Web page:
Genetic Testing

Studying the function of the BRCA2 gene

Thousands, perhaps hundreds of thousands, women have had a genetic test for the BRCA1 and BRCA2 mutations association with higher risk for breast cancer. So far, it's been difficult to determine exactly what the genes do in humans, other than interfere with the function of two suppressors apparently needed to properly manage DNA replication and repair.

A recent article in PLOS Genetics, an open-access, peer-reviewed online journal, describes some experiments that have been conducted with the common fruit fly, Drosophila melanogaster, which also has a BRCA2 gene. The article is titled "Drosophila brca2 is Required for Mitotic and Meiotic DNA Repair and Efficient Activation of the Meiotic Recombination Checkpoint" and the abstract reads as follows:

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The genetics of autism

I was lucky enough to attend several scientific meetings this year, thanks to the Advocate Partnership program of the Genetic Alliance, and attended the session where one of the scientists involved presented the information being discussed in many media outlets yesterday and today about the genetics of autism. As you read, listen to, or watch the news presentations, note that the "large, non-inherited chromosomal deletion" being discussed is extremely rare and in no way accounts for all cases of autism. Also, the parents of affected children were themselves unaffected.

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Is genomics improving YOUR life?

The human genome has been sequenced. Genetic testing--according to media and advertisements—is available to help you determine how to live the rest of your life. The price for this information had dropped below $1000. Are we any closer to the promises of cures for debilitating diseases?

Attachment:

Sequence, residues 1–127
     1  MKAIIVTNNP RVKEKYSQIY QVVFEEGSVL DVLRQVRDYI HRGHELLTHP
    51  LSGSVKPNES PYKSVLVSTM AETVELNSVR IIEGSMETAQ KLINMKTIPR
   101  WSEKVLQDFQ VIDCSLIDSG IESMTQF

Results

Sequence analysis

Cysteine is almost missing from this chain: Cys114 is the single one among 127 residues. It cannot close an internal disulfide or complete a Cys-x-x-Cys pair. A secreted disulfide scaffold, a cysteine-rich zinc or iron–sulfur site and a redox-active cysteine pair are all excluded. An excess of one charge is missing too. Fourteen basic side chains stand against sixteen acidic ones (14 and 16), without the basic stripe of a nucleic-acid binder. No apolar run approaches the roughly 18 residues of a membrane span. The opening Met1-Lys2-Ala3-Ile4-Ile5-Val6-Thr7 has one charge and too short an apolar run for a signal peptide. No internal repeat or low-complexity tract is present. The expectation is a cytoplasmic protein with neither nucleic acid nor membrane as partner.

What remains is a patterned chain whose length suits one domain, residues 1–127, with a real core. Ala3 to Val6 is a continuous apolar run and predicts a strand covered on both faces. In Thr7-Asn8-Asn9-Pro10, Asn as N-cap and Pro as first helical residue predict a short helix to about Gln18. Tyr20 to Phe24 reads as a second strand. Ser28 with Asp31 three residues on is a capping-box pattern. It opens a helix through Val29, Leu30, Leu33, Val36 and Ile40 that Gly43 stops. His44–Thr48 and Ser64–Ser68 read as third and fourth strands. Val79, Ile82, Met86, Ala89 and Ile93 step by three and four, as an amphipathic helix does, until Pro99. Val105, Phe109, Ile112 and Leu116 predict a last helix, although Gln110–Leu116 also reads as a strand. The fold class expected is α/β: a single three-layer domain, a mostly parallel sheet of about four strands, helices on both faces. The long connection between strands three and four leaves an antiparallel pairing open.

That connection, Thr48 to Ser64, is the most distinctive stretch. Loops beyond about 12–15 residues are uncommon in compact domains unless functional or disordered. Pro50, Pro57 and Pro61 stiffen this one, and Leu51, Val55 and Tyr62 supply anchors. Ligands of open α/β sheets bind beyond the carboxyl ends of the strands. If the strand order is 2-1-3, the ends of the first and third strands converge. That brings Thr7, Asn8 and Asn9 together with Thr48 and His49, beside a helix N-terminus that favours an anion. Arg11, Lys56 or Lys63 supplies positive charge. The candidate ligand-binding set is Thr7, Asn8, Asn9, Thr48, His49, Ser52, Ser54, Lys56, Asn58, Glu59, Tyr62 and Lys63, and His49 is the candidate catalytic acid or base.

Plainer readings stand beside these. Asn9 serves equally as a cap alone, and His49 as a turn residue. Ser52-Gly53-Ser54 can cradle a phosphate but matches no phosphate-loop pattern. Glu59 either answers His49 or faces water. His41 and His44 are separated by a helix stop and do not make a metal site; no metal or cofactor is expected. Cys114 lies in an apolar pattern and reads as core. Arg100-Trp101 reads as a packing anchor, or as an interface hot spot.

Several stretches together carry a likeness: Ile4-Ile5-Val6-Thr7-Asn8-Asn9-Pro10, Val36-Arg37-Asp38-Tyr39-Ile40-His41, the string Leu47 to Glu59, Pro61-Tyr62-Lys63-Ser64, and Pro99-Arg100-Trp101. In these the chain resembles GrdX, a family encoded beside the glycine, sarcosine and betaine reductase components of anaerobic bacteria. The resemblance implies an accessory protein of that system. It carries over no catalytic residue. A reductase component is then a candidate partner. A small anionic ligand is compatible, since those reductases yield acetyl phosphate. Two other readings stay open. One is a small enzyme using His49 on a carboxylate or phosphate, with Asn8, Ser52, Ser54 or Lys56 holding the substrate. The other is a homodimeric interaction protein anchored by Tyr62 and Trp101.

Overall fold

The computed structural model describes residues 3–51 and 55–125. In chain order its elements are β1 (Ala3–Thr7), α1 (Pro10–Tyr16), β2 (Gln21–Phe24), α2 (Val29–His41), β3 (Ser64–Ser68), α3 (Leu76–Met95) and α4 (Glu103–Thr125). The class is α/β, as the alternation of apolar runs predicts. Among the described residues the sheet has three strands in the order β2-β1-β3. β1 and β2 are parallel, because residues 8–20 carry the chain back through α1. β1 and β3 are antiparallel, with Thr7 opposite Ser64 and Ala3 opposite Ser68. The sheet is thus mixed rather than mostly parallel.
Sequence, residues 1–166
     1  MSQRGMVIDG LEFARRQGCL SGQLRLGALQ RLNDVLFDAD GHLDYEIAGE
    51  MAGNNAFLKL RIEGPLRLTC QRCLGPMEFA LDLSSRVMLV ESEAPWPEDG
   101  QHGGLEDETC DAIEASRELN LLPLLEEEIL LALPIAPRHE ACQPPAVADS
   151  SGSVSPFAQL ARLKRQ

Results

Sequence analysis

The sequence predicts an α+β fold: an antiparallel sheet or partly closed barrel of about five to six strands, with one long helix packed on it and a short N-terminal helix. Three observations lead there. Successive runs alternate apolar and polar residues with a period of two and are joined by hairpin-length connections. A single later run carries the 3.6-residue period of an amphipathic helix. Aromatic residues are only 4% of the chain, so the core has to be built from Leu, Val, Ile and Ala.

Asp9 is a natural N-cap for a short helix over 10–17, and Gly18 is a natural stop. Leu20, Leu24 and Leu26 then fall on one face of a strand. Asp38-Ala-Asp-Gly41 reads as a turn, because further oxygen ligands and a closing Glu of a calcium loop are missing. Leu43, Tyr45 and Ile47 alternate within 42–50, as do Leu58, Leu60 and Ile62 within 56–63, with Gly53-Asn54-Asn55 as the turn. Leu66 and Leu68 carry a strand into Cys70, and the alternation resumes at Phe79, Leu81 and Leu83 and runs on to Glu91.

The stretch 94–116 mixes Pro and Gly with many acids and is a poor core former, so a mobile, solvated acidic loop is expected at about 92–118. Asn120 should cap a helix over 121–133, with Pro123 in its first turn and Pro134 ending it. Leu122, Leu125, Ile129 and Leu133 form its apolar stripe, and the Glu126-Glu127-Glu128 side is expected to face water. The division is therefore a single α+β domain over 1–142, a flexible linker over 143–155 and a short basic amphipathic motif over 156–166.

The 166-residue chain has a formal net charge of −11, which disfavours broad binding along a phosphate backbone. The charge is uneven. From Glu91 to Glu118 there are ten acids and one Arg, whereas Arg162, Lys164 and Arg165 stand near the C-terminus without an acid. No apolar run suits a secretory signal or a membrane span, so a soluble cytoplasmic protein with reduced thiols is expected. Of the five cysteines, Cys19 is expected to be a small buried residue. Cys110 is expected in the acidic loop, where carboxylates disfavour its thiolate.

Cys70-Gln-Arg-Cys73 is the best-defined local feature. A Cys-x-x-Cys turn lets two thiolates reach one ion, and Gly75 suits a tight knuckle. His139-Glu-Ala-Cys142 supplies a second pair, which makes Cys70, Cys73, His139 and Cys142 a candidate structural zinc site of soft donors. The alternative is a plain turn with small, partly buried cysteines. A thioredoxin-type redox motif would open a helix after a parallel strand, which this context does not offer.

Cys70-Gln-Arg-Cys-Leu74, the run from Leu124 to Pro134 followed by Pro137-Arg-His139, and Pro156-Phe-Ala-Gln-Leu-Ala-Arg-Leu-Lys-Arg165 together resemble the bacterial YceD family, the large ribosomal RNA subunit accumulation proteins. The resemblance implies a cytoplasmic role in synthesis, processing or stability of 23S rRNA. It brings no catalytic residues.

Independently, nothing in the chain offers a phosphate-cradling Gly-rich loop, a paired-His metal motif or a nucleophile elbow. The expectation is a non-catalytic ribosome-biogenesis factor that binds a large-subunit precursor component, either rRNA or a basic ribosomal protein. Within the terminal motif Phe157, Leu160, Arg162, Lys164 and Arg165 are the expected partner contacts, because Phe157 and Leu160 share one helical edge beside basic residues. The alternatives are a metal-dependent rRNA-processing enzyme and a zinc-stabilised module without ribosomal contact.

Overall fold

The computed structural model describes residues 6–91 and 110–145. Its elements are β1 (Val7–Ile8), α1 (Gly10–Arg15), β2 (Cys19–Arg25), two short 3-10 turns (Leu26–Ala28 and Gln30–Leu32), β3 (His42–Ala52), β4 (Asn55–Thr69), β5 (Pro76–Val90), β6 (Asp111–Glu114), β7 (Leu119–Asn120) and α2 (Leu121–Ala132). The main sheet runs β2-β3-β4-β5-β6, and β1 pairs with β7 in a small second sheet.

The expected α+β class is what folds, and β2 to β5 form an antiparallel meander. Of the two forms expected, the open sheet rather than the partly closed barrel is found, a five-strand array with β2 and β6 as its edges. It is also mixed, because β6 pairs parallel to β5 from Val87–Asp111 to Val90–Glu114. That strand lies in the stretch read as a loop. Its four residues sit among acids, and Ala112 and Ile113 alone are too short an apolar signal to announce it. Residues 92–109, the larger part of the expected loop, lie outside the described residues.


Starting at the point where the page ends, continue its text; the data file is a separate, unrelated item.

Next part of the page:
Douglas Kamerow, former US assistant surgeon general and associate editor of the British Medical Journal, in an article dated 5 January 2008, asks what have we gotten for our money?

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Genetic tests available online are a waste of time and money

At least three articles today indicate that experts around the world are finding genetic tests available through the Internet are a waste of time and money. Here are the three I sampled:

1. From Australia: Genetic testing over the net a waste of money says experts

. . .people who buy genetic tests from private companies are usually wasting their money. The specialists say the genome-wide scans on offer will provide little meaningful information because the science is still too preliminary.

They also believe the scans can mislead people into becoming either over-anxious about being labelled "high risk", or over-confident that they are at low risk of a particular disease.

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Cheap genome maps--under $1000?

The big hype this week in genetic testing comes from the addition of yet another company to those hoping that we are so interested in learning about ourselves that we will fork over $1000 (or $999 or $985 at a discount) for a map of our own genome.

Here are some things about this subject you might want to know:

1. How do you take a sample? You won't know the details until your kit arrives, but you will most likely learn that the sample will be saliva or a rubbing from the inside of your cheek. You don't have to provide a blood sample. If the company info doesn't provide clear enough instructions, be sure you rinse your mouth well before taking a sample; you'd probably hate to pay $1000 for the genome of that beef or corn you just ate.